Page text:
Ivan’s specialty was family sociology. During the 1960s and 70s he was one of the most prominent and influential family sociologists. He was elected President of the National Council on Family Relation (NCFR) (1965-66). He was the recipient of the Burgess Award from the NCFR (1976), given for a career of “distinguished contributions to family research and theory.” He served on the Governor’s Commission on the Status of Women (1965-1969). He was Editor of the Journal of Marriage and the Family (1960-64), and served on the editorial boards of many other scholarly journals. During these decades, Ivan also built a first-rate graduate program in family sociology at Washington State University.
Early in his research and writings Ivan focused on family relations and juvenile delinquency. In a series of articles and a book (Family Relations and Delinquent Behavior, 1958), he analyzed how family structural and interactional variables combined with social class and other macro variables affect juvenile delinquency. While this was an important and fruitful line of research, Nye’s major contribution to family sociology was the study of family roles and the impact of women’s employment and other social trends. Ivan was one of the pioneers in the study of the consequences of wives/mothers’ employment for spousal and parental roles in American families (Nye, et al, The Employed Mother in America, 1963; Lois Hoffman and Ivan Nye, Working Mothers, 1974; Nye, Role Structure and Analysis of the Family, 1976). Now, this is one of the most studied topics in family sociology.
Ivan Nye made substantial contributions to family theory development as well. His book with Felix Berardo, Emerging Conceptual Frameworks in Family Analysis (1966), sparked considerable interest in the identification, expansion, and utilization of theoretical perspectives in family studies. This culminated a dozen years later in a major effort at family theory building, sponsored by the Theory Workshop of NCFR, in two edited volumes: Burr, Hill, Nye, and Reiss (Eds.), Contemporary Theories About the Family (1979). These books became essential reading in family sociology graduate programs for decades. Ivan’s own theoretical preference was social exchange theory, which he considered particularly useful for understanding and explaining family relations. He was a strong advocate of this theory.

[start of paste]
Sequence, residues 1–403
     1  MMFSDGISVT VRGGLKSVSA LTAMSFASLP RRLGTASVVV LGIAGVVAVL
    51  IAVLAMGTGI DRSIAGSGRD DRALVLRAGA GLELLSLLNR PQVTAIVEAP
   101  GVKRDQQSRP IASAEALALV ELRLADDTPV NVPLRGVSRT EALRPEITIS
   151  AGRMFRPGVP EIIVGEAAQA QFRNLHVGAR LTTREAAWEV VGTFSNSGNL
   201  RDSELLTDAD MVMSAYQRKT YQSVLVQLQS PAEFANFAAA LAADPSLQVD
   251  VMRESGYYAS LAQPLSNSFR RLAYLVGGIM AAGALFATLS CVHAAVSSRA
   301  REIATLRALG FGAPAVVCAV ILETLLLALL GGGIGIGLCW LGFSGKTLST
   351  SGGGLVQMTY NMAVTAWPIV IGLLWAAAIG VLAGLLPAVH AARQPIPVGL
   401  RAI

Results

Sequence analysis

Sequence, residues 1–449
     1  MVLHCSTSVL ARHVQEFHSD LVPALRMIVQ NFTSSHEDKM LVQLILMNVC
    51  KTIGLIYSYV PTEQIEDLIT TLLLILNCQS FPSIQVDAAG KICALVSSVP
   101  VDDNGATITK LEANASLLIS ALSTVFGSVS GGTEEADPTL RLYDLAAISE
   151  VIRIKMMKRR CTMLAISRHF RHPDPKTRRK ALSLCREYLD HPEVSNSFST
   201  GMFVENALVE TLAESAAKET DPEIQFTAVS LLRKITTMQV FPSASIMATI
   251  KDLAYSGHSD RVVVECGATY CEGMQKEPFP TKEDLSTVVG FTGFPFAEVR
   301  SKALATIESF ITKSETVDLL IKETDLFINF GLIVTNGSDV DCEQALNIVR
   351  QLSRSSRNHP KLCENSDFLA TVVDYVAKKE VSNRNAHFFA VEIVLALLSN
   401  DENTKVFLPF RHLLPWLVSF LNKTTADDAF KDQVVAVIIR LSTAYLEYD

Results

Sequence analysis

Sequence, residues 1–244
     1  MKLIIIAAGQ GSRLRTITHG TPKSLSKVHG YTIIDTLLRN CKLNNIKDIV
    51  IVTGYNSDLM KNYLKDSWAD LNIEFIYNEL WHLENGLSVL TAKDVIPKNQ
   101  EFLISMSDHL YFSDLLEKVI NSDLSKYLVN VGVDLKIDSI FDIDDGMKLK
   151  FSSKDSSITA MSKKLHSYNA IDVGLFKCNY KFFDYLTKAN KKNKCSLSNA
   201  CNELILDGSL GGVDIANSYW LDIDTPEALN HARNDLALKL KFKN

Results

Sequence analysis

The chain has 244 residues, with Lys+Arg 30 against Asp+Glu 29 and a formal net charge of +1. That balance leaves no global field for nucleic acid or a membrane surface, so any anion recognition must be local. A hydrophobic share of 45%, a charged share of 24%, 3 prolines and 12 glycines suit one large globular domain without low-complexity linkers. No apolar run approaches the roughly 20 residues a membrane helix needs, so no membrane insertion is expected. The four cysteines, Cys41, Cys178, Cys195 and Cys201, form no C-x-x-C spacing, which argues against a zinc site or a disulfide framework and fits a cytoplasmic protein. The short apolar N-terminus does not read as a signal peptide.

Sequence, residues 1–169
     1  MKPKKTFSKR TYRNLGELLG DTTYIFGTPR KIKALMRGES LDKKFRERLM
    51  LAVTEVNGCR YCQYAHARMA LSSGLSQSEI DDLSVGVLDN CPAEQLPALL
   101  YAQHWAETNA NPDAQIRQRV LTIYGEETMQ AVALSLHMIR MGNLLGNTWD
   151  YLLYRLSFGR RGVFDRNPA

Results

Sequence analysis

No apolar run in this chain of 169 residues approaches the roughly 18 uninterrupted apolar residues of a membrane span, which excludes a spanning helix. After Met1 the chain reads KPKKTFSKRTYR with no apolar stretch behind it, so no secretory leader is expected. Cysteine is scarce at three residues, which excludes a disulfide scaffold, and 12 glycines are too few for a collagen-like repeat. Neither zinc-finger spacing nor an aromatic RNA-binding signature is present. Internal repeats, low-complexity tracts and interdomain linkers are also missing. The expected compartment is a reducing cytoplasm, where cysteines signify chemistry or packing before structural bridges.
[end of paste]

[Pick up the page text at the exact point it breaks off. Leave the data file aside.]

Ivan Nye had strong applied interests as well. He believed that sociological knowledge should be used to improve society and the quality of people’s lives. The last two years of his professional life he spent as a Visiting Scholar at the Boys Town Center for the Study of Youth Development (1979-81), developing programs for helping troubled youth.
Ivan Nye lived a long, productive, and adventurous life. He was fiercely independent, loved the wilderness, and was an avid fisherman. He would drive to Alaska (in his van, pulling a small boat) to fish for salmon and crisscross the United States to fish and hike in various wilderness places. Even after suffering a debilitating stroke 12 years ago that left him partially paralyzed, he struggled to maintain his independence and adventurous lifestyle, until eventually, he no longer could. He spent the last few years living with his son Lloyd and daughter-in-law Cynthia in Julietta, ID, where he died peacefully on March 1, 2014. His ashes will be buried in Prospect, OR, as he wished. I will miss him.
Viktor Gecas, Professor Emeritus, Purdue